• Dr. Samuel Ostrower

    New Bill Signed in Florida a Win in Helping to Identify Hearing Loss in Newborns

    In April, the SB 292 Newborn Screenings bill was signed in Florida that requires hospitals and other state-licensed birthing facilities to test for congenital cytomegalovirus, also known as cCMV, in newborns.

    Samuel Ostrower, MD, chief of Pediatric Otolaryngology, Head & Neck Surgery Program at Joe DiMaggio Children’s Hospital, is part of the Florida CMV Collaborative, a consortium of healthcare providers eager to improve education and screening for cCMV in Florida. Through this group and in recognition of his work to improve cCMV outcomes for Memorial Healthcare System, he was invited to testify before the Florida Senate in support of the new law.

    Dr. Ostrower says that cCMV is the most common cause of non-genetic hearing loss in infants and that more than 90% of women have never heard of CMV. This new bill aims to help provide education around the virus and early detection.

    “Raising awareness about congenital CMV is crucial to preventing hearing loss in children,” said Dr. Ostrower. “Even before the SB 292 Newborn Screenings bill was passed, Memorial Healthcare System began evaluating all infants who fail the newborn hearing screen for cCMV because if it is diagnosed early, there are treatments available to improve hearing loss.”

    CMV is one of the most common viruses worldwide, and more than 80% of adults have been infected at least once in their life. Symptoms of CMV are usually very mild, and if a pregnant mother becomes infected, she can pass the virus to her unborn child, which is known as congenital CMV. cCMV affects one in two hundred babies born in the United States. Ninety percent of infants born with cCMV have no symptoms, but it can cause permanent hearing loss - even deafness.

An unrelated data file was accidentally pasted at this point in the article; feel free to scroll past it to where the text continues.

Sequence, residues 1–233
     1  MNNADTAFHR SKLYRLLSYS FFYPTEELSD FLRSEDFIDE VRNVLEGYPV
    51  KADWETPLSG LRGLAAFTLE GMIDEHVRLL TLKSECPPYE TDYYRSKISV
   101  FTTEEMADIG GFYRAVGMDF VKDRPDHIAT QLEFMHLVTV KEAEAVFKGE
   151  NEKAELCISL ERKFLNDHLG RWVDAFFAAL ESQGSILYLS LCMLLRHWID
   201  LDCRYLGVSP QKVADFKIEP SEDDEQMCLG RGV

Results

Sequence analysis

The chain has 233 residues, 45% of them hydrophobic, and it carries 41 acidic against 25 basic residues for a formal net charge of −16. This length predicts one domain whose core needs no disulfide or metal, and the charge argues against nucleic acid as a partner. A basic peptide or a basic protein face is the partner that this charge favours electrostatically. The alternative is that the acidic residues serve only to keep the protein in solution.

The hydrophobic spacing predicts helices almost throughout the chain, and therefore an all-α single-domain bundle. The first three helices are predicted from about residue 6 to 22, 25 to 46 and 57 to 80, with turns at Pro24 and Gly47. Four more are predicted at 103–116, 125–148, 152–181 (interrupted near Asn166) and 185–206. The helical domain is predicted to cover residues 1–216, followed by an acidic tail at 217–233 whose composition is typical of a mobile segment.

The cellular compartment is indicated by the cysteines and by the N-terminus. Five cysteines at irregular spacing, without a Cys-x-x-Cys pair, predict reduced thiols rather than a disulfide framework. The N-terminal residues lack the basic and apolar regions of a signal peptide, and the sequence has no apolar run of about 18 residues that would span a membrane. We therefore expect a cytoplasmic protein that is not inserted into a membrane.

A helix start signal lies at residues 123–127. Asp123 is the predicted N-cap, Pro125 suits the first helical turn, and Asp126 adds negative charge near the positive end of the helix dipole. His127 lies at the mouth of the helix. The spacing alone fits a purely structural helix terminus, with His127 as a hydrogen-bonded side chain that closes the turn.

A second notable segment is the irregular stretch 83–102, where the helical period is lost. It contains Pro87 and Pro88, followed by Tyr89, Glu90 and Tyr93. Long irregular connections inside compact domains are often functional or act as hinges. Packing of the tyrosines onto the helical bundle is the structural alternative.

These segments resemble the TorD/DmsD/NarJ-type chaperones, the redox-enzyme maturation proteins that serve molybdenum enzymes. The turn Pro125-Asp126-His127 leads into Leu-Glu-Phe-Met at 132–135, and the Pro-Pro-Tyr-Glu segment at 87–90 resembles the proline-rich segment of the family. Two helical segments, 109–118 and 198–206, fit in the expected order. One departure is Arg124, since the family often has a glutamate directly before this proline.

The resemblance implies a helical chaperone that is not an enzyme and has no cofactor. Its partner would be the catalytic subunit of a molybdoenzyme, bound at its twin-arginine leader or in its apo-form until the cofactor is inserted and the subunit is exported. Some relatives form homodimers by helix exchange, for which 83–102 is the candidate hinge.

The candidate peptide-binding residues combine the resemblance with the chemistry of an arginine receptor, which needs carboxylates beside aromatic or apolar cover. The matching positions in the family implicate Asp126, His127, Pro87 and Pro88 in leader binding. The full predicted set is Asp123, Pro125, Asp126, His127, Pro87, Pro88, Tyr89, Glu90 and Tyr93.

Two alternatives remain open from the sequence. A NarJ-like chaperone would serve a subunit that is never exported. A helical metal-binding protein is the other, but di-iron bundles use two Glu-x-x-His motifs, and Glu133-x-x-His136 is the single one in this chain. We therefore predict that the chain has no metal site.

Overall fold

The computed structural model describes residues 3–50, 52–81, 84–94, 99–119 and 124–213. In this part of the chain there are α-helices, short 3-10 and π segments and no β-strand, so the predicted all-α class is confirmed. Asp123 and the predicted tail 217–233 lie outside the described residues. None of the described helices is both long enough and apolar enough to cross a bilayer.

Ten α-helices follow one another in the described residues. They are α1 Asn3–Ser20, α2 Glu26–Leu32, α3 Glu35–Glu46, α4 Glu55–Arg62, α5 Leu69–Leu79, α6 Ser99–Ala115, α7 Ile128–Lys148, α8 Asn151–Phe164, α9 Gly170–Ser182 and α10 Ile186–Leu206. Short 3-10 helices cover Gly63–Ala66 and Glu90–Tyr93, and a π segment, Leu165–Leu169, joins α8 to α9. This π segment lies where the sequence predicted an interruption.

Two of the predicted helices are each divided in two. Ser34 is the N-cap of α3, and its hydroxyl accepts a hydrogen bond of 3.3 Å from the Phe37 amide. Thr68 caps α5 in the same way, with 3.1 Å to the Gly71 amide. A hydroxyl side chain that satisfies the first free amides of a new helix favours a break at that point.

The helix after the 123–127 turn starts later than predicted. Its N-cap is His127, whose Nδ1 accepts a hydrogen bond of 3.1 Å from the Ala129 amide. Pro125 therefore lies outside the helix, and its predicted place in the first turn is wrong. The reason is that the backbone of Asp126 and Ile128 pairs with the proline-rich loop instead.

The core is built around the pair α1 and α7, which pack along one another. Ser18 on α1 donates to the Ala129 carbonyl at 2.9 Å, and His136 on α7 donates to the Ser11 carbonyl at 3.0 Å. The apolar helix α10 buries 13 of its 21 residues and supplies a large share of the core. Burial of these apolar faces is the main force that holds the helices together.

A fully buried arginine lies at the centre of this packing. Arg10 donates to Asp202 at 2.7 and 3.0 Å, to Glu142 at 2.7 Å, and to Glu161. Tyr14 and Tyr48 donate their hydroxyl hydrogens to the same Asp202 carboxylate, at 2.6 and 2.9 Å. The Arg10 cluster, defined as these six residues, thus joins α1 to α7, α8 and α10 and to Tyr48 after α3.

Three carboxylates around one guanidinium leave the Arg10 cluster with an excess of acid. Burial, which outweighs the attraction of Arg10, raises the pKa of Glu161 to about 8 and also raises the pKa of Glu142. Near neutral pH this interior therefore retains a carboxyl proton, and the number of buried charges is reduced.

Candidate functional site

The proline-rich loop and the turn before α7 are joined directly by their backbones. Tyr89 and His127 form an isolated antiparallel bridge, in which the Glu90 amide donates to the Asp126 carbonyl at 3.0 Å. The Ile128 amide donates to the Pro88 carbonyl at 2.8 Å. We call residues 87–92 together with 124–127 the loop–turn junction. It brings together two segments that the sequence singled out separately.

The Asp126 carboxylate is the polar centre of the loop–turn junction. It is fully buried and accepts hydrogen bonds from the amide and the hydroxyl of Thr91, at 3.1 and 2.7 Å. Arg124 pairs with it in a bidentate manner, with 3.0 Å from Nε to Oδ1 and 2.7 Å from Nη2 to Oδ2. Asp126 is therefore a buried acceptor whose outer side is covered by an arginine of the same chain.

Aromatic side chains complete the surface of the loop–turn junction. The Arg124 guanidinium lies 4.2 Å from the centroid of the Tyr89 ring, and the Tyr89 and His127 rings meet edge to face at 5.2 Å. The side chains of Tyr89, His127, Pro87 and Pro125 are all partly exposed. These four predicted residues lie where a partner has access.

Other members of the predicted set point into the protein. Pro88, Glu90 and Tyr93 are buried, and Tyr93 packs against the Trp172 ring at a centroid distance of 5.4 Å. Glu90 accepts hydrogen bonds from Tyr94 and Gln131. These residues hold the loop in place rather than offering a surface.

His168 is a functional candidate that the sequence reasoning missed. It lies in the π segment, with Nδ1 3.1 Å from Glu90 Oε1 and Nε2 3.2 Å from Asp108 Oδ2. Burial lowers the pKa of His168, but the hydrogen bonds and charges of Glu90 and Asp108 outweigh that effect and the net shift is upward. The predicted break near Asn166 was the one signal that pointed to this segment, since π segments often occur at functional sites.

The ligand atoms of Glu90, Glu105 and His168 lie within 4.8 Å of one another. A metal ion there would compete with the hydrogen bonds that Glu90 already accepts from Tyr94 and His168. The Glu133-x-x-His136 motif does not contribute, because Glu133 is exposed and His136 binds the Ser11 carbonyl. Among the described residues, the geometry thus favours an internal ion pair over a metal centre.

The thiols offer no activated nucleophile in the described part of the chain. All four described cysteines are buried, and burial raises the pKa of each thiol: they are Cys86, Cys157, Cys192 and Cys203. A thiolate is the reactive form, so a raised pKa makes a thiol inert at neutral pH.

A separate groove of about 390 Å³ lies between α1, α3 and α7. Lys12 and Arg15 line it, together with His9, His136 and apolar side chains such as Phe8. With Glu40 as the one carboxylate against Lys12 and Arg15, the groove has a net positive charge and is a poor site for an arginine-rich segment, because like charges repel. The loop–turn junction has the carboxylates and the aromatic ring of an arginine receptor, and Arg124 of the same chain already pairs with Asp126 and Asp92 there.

If an expectant parent suspects that they may have contracted CMV, they should contact their obstetrician immediately to arrange to have the baby evaluated at birth. If a child is diagnosed with cCMV, parents can work with their pediatrician for a referral to Joe DiMaggio Children’s Hospital for treatment.

  • Leticia traveled to Memorial for an advanced immunotherapy called CAR T for her lymphoma.

    Leticia Traveled 3,000 miles for immunotherapy called CAR T-cell therapy

    Leticia moved to the Las Vegas area after she thought she was "clean of the disease" she had been fighting for years.

    "My primary doctor diagnosed me in 2006, and he sent me to Memorial," Leticia said. She had been in remission, but she went to see a Las Vegas oncologist because of a throat issue. "And sure enough, there's the lymphoma," said Leticia.

    So she packed up her camper trailer and drove the 3,000 miles to Memorial.

    "We had just opened our CAR T program here with a FDA-approved drug that very few centers in the state have," said Hugo Fernandez, MD, chair and medical director of Moffitt Malignant Hematology and Cellular Therapy at Memorial Healthcare System. "The beauty of it is you're developing an immune response against the disease that is strictly targeted to destroy cancer cells."

    "I have tremendous faith for the doctors at Memorial. I'm just amazed on how wonderful they are," Leticia said. "So now I feel terrific. I really do."

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    Datasource: Leticia